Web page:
Novartis Found Symp 2008 ;289:4-16; discussion 17-22, 87-93
Program in Cognitive Neuroscience and Schizophrenia, Nathan Kline Institute for Psychiatric Research and New York University School of Medicine, Orangeburg, NY 10962 USA.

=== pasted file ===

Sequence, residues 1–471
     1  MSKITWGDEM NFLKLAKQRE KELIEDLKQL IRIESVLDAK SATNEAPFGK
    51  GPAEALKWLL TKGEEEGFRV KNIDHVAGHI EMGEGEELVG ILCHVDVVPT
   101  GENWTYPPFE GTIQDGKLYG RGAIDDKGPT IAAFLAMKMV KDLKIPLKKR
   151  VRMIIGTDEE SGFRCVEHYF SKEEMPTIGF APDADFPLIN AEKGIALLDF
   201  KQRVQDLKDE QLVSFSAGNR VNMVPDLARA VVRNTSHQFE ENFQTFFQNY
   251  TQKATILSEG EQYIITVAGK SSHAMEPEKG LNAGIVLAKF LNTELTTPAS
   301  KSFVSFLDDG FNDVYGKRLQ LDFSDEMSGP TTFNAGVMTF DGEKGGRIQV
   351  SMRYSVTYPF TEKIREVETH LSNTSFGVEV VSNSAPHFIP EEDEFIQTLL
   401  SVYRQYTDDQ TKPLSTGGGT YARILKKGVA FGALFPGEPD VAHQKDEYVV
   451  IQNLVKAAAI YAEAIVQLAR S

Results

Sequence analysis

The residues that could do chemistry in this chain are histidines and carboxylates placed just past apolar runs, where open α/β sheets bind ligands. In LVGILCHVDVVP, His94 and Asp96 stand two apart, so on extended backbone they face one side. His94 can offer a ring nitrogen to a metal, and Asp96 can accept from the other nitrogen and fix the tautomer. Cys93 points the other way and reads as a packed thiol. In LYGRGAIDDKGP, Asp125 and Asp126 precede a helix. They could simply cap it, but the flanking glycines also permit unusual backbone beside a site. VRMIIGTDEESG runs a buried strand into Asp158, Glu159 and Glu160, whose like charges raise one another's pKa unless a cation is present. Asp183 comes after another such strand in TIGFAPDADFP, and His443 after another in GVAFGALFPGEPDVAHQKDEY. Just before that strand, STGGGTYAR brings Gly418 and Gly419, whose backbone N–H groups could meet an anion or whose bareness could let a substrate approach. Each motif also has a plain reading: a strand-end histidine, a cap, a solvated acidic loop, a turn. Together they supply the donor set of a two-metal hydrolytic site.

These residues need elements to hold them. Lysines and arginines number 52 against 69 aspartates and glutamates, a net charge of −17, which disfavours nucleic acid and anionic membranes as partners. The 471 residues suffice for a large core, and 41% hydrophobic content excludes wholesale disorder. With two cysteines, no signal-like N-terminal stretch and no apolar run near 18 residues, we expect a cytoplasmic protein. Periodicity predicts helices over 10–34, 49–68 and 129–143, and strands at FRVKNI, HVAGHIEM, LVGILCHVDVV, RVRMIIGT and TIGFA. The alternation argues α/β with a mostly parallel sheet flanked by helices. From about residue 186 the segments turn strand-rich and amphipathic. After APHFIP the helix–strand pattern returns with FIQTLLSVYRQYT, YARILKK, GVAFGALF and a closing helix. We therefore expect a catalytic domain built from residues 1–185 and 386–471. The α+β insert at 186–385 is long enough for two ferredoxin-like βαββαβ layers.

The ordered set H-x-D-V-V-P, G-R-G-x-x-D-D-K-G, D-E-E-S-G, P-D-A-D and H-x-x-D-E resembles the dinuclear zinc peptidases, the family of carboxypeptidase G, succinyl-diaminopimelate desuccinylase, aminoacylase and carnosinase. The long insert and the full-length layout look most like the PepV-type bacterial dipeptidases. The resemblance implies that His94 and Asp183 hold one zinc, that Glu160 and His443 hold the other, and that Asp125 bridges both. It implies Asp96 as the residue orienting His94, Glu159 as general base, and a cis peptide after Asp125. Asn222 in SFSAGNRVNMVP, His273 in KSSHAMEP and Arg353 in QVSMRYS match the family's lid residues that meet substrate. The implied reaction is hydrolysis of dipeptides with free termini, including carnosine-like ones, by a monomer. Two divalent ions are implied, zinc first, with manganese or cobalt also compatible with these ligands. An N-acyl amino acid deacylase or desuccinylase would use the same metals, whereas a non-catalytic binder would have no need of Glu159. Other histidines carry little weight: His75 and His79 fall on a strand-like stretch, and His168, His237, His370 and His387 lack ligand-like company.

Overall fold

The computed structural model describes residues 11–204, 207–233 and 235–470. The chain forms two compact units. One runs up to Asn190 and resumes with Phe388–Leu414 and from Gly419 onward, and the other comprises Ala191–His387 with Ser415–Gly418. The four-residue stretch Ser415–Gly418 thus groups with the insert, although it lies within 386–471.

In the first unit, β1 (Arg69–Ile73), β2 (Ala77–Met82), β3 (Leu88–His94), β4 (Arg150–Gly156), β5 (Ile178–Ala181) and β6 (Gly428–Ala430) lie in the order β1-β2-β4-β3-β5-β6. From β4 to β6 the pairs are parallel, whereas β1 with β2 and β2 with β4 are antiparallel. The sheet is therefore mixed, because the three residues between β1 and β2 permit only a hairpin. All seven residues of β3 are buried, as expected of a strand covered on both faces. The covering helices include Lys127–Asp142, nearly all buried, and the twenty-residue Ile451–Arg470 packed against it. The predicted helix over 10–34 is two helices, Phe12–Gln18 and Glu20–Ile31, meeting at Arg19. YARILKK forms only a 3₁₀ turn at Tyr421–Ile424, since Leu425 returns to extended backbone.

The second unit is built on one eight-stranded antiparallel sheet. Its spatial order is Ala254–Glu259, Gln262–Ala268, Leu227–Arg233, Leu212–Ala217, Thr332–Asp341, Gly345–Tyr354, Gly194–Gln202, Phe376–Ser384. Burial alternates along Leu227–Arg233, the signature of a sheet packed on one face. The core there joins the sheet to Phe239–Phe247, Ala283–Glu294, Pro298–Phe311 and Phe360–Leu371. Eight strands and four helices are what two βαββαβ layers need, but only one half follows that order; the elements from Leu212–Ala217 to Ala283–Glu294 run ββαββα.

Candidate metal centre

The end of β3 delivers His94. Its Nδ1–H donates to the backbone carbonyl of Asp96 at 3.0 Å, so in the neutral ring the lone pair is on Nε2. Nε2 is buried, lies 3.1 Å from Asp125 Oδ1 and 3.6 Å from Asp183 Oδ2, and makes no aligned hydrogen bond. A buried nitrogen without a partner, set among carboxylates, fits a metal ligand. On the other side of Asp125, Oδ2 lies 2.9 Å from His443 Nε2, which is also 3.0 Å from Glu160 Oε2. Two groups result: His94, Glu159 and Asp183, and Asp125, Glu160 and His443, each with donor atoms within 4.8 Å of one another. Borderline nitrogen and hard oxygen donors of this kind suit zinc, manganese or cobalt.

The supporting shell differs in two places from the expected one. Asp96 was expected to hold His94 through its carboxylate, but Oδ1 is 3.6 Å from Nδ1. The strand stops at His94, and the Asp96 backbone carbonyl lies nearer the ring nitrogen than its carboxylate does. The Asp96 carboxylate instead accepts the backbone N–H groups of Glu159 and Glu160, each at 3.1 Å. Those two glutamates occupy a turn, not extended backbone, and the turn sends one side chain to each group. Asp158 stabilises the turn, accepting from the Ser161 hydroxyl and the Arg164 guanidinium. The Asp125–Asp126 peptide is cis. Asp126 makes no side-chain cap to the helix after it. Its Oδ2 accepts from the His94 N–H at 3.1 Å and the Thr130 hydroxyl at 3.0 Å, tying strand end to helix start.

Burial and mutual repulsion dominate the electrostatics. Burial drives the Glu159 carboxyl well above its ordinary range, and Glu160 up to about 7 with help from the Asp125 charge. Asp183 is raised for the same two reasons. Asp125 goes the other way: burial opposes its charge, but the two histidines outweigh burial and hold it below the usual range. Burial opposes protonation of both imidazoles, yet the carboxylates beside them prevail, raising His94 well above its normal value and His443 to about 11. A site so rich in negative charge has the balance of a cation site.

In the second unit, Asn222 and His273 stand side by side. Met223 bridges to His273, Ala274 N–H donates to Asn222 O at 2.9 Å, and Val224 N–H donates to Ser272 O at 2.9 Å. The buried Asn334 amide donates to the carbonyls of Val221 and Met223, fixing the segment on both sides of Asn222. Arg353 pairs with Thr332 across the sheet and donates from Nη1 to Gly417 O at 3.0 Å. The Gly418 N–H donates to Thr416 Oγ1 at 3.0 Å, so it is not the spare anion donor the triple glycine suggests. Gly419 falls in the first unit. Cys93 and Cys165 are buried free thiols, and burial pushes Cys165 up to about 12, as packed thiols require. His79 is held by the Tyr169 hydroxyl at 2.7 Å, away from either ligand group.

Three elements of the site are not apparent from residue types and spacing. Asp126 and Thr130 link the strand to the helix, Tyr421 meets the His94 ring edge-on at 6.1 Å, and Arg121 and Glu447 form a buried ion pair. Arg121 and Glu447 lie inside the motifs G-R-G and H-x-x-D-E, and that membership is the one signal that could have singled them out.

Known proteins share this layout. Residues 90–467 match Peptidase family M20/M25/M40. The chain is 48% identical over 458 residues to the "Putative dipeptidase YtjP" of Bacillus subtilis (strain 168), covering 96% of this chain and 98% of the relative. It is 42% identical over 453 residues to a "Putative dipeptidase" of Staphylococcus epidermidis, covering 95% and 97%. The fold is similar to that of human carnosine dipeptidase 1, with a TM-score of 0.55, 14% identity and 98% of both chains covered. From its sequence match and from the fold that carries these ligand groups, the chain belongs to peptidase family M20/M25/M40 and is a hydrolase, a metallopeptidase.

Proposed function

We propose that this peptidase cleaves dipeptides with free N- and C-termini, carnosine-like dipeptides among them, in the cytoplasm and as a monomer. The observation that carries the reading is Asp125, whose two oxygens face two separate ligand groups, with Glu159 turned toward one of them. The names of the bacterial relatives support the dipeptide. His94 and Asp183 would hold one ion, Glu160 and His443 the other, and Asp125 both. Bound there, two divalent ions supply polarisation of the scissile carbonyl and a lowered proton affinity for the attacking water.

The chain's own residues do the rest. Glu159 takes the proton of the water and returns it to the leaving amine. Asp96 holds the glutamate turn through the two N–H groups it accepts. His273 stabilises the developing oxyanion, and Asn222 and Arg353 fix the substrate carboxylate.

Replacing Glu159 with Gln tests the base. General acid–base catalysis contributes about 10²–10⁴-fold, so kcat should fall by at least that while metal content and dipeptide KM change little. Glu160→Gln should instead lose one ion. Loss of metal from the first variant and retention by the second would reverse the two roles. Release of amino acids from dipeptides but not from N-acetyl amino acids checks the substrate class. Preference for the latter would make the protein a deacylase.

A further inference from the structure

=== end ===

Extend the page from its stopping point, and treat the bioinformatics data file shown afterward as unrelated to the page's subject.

Schizophrenia is a serious mental disorder that affects up to 1% of the population worldwide. Traditional models of schizophrenia have emphasized dopaminergic dysfunction. Over the last 15 years, however, glutamatergic models have become increasingly mainstream, and account for features of the disorder that are poorly explained by dopaminergic dysfunction alone. Glutamatergic models, such as the PCP/NMDA model, are based upon the observation that the psychotomimetic agents phencyclidine (PCP) and ketamine induce psychotic symptoms and neurocognitive disturbances similar to those of schizophrenia by blocking neurotransmission at N-methyl-D-aspartate (NMDA)-type glutamate receptors. Because NMDA receptors are located throughout the brain, information-processing deficits are observed not only in higher cortical regions, but also in sensory cortices and subcortical systems. Further, NMDA receptors are located on brain circuits that regulate dopamine release, suggesting that dopaminergic deficits in schizophrenia may also be secondary to underlying glutamatergic dysfunction. Agents that stimulate glutamatergic neurotransmission, including glycine-site agonists and glycine transport inhibitors, have shown encouraging results in preclinical studies and are currently undergoing clinical development. Overall, these findings suggest that glutamatergic theories may lead to new conceptualizations and treatment approaches that would not be possible based upon dopaminergic models alone.